A morning roundup of news, opinion, and links from Washington City Paper and around the District. Send tips and ideas to citydesk@washingtoncitypaper.com. Sign up: To get District Line Daily—or any of our other email newsletters—sent straight to your mailbox, click here.

Defending champs come through again: Washington has retained its title as the country’s most congested city.


  • Tommy Wells wants nurse-to-patient floor in city hospitals. [Examiner]
  • And gears up for mayoral run. [Examiner]
  • In honor of the release of Michelle Rhee‘s book today, a flashback: What’s the Harry Jaffe connection?
  • Judge says D.C. attorney general Irv Nathan‘s “honor” is in question over Pershing Park documents. [Loose Lips]
  • Hammer-wielding bandits rob Pentagon City jewelry store. [Post]
  • Metro claims mobbing floors with special chemical makes them less slippery. [Examiner]
  • Woman robs two D.C. banks. [Examiner]
  • Food truck prevails in Arlington vending case. [WTOP]
  • D.C. police, union officially at odds over contract. [Examiner]


Meatless: Meat-Free Week has arrived, just after the end of Meat Week. Here’s where to get your unmeats.

First for the Post: The Washington Post elevated National editor Kevin Merida to one of its two managing editor spots yesterday, triggering a shuffle of editorial responsibilities. Merida is also the first African-American managing editor in the paper’s history.

Downtown Gets Livelier: The Department of Commerce’s Herbert C. Hoover Building could be getting a little friendlier to pedestrians.

LOOSE LIPS, by Loose Lips columnist Alan Suderman. (tips? lips@washingtoncitypaper.com)

  • Tommy Wells files exploratory committee for mayoral run, Jack Evans says such things are for the weak-minded. [NBC4]
  • Vince Gray‘s One City is loaded, so Gray plans to spend on affordable housing. [Post]
  • Elissa Silverman tries to bounce John Settles and Paul Zukerberg from the ballot. [NBC4]
  • Post: All hail Nat Gandhi’s “noble tenure.” [Post]
  • Barras: The good that CFOs do lives after them; The evil is oft interred with their bones. [Examiner]
  • Cathy Lanier says Human Rights Watch juked its stats on sex assault cases, says it found 109 of “missing” 170 cases. [Post]
  • Wait! Now it’s 116! [NBC4]
  • Impasse on police contract. [Examiner]

HOUSING COMPLEX, by Housing Complex columnist Aaron Wiener. (tips? awiener@washingtoncitypaper.com )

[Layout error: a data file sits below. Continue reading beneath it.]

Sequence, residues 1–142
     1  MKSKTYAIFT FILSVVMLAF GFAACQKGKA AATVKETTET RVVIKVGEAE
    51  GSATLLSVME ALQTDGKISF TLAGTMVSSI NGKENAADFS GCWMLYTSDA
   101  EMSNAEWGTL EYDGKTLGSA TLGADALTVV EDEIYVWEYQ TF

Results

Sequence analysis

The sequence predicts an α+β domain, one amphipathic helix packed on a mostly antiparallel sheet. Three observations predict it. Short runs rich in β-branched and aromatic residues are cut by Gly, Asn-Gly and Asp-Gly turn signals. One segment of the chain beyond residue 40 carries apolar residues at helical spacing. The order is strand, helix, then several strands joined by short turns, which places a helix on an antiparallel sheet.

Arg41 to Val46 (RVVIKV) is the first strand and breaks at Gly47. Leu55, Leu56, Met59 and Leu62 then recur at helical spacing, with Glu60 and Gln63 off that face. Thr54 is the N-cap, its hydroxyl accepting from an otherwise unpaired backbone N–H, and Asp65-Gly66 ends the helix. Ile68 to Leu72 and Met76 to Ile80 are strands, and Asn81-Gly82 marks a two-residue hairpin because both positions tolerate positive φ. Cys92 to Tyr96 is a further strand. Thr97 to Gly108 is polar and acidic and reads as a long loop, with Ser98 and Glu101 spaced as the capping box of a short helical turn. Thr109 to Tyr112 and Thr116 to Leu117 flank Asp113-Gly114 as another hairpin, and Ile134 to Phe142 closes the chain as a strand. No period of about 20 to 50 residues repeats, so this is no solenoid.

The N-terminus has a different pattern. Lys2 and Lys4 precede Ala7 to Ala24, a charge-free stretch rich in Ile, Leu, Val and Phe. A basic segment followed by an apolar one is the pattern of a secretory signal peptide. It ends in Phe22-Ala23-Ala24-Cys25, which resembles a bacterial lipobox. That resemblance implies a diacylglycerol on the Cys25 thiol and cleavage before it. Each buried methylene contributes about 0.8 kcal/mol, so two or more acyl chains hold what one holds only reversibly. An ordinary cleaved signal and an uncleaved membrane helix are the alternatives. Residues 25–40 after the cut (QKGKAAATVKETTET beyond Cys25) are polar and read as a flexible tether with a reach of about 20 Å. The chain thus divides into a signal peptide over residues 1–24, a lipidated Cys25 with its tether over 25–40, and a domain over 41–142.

• The S bus commute could get less unpleasant. [GGW]
  • Another residential building is coming to Adams Morgan. [UrbanTurf]
  • How do you solve a problem like Potomac? [GGW]
  • DDOT really doesn’t want cars in the L Street cycletrack. [DCist]
  • Craigslist is getting more user-friendly. [UrbanTurf]
  • The city doled out 1.8 million parking tickets last year. [WJLA]
  • Today on the market: Four-level Capitol Hill house

ARTS LINKS, by Ally Schweitzer (tips? artsdesk@washingtoncitypaper.com)

  • Washingtonian sees a play at the 16th Street Scientology Center, exposing the church’s scheme to convert visitors by plying them with free sandwiches [Washingtonian]
  • Premiering next week: The Sherman House Webisodes, a documentary series about a bunch of roommates in a D.C. group house. Gabriel is the new Puck. [Pink Line Project]
  • An oral history of Sockets Records [DCist]
  • Del. Eleanor Holmes Norton celebrates the Frederick Douglass statue’s arrival at the Capitol [WTOP]
  • Ten new shows added to Fugazi Live website [Dischord]

FOOD LINKS, by Jessica Sidman (tips? hungry@washingtoncitypaper.com)

  • The Passenger‘s Derek Brown to open a sherry- and ham-focused bar called Mockingbird Hill in Shaw [Post]
  • Broodjes & Bier is bringing Dutch-style sandwiches to Capitol Hill. [Eater]
  • Where to eat on Valentine’s Day [Washingtonian]
  • Judge dismisses loitering charge against Seoul Food truck operator. [ARLnow]
  • Inside Beuchert’s Saloon, opening soon in Eastern Market [BYT]
  • When is it time to break up with a restaurant? [Zagat]
  • Ten great Restaurant Week deals [HuffPost]